Research Article Nanofibre Electrospinning Poly(vinyl ... Research Article Nanofibre Electrospinning

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  • Hindawi Publishing Corporation Advances in Materials Science and Engineering Volume 2013, Article ID 932636, 6 pages http://dx.doi.org/10.1155/2013/932636

    Research Article Nanofibre Electrospinning Poly(vinyl alcohol) and Cellulose Composite Mats Obtained by Use of a Cylindrical Electrode

    Anna Sutka,1 Silvija Kukle,1 Janis Gravitis,2

    Rimvydas Milašius,3 and Jolanta Malašauskien{3

    1 Institute of Textile Materials Technologies and Design, Riga Technical University, Riga 1048, Latvia 2 Laboratory of Biomass Eco-Efficient Conversation, Latvian State Institute of Wood Chemistry, Riga 1006, Latvia 3 Department of Textile Technology, Kaunas University of Technology, 51424 Kaunas, Lithuania

    Correspondence should be addressed to Anna Sutka; anna.putnina@rtu.lv

    Received 30 May 2013; Revised 6 August 2013; Accepted 14 August 2013

    Academic Editor: Yu Dong

    Copyright © 2013 Anna Sutka et al. This is an open access article distributed under the Creative Commons Attribution License, which permits unrestricted use, distribution, and reproduction in any medium, provided the original work is properly cited.

    A study of nanofibre composites obtained by electrospinning from poly(vinyl alcohol) (PVA) solutions of steam exploded hemp fibres and shives is reported. A combined treatment of steam explosion (SE), ball milling, and high-intensity ultrasound (HIUS) is applied to prepare cellulose nanofibres (CNF) from hemp fibres (CNF-F) and shives (CNF-S). The reflectance Fourier transform infrared (FTIR ATR) spectroscopy is used to analyze the obtained PVA/CNF composite mats. Morphology of the PVA/CNF composites was studied by scanning electron microscopy (SEM).

    1. Introduction

    Nanofibres based on poly(vinyl alcohol) (PVA) have numer- ous applications in various fields such as filtration materials, biomedical applications, membranes, drug release, optics, and protective clothing [1–3]. PVA is a semicrystalline, completely biodegradable, nontoxic, water-soluble, and bio- compatible polymer produced industrially by hydrolysis of poly(vinyl acetate) [4–6].

    Recently, attention has been paid to modification of the PVA nanofibres by different materials, such as car- bon nanotubes [7], titanium [8], silica [9], chitosan [10], collagen [11], cellulose nanocrystals [12, 13], and others. Reinforcement of PVA with cellulose nanocrystals (CNC) improves thermomechanical properties and reduces water absorption [12]. Development of CNC-filled nanocomposite fibres/mats generates new and specific applications such as energy-related materials, sensors, barrier films, and tissue engineering scaffolds [14].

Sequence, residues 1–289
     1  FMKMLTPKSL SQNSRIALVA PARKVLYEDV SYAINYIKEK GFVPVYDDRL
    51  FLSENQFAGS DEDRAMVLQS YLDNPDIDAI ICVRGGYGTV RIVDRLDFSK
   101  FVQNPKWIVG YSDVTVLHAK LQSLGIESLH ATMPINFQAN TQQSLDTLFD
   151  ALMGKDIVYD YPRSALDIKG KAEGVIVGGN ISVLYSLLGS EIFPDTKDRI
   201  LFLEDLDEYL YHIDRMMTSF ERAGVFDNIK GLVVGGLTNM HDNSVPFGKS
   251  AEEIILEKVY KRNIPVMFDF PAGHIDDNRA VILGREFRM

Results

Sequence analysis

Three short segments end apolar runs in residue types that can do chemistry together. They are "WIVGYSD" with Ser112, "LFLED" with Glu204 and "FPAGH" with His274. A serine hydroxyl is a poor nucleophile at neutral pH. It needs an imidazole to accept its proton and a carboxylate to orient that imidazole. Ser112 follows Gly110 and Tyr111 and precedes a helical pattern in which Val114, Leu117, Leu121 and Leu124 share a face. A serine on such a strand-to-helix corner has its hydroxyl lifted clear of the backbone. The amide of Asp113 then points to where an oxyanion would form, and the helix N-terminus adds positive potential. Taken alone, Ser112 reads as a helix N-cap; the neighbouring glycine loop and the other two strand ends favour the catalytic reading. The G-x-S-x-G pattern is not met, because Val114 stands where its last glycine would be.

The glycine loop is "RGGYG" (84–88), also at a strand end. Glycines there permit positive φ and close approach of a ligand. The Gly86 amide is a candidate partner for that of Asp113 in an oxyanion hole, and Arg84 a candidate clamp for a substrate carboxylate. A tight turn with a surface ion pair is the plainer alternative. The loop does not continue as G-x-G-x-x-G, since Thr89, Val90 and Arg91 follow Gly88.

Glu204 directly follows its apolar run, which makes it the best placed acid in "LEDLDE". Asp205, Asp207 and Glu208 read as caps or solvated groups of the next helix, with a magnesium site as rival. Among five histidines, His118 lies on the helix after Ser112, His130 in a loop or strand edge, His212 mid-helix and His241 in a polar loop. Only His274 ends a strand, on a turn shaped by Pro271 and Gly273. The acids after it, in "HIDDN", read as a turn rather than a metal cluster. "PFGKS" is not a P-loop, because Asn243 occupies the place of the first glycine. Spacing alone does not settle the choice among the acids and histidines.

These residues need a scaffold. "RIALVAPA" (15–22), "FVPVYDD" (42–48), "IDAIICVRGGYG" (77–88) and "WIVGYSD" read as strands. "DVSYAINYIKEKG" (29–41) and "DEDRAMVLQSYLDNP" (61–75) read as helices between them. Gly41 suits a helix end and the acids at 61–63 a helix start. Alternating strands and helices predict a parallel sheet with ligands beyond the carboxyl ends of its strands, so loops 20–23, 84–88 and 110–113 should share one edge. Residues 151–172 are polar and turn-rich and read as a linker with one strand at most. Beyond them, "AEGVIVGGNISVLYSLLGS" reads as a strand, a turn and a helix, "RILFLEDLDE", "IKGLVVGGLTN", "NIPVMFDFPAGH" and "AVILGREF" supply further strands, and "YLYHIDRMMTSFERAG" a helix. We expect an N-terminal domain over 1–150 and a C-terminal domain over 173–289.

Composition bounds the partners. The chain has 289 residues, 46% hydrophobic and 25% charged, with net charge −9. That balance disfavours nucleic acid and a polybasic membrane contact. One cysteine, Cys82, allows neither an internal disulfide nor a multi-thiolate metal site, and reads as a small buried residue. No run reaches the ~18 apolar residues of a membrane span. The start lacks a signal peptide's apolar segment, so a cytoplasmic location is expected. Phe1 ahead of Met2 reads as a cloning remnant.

In the present work, we combine PVA with cellulose nanofibres (CNF) obtained from hemp by electrospinning technique. To our knowledge, there has no report on the preparation of nanofibers of PVA/CNF composite. In this paper, we use CNF obtained from hemp fibers and hemp

    shives by combination of steam explosion (SE), ball milling, and high-intensity ultrasonication (HIUS) processing.

    In recent years, much attention has been focused on reinforced PVA nanofibre production by needle electro- spinning [8, 12, 14–17]. Electrospinning from needle-shaped electrode has low production rate and can be used only in laboratory scale [18]. In this research, electrospinning technique by using circular cylindrical electrode has been used for PVA/CNF composite preparation. Circular electrode has main advantage—larger production rate compared to the conventional needle electrospinning [18], and equipment modules for nanofiber production in small or high volumes are available [19].

    2. Materials and Methods

    Dew-retted hemp fibers of local variety “Purini” and shives of variety “Bialobrzeskie” grown on the experimental fields of the Latgalian Agriculture Research Center LLZC (district Vilani, Latvia) are used in this research.

    Hemp fibres and shives were treated using steam explo- sion treatment from previous researches [20, 21], milling treatment, and high-intensity ultrasonication technique.

  • 2 Advances in Materials Science and Engineering

    Ball milling

    Pulp pretreated

    Steam

    Fibres

    Steam explosion

    Direction of jar oscillatory motion

    Cellulose suspension

    Ultrasonification Stirring

    PVA/hemp solution

    Electrospinning

    Polymer solution

    Electrode Supportive materialPolymer layer

    Ultrasound sonotrode

    Figure 1: Schematic illustration of the treatment sequence of hemp fibres and shives.

    Collector electrode

    Support material

    Take-up cylinder

    Nanofibres Nanofibresweb

    Rotating cylinderPolymer

    solution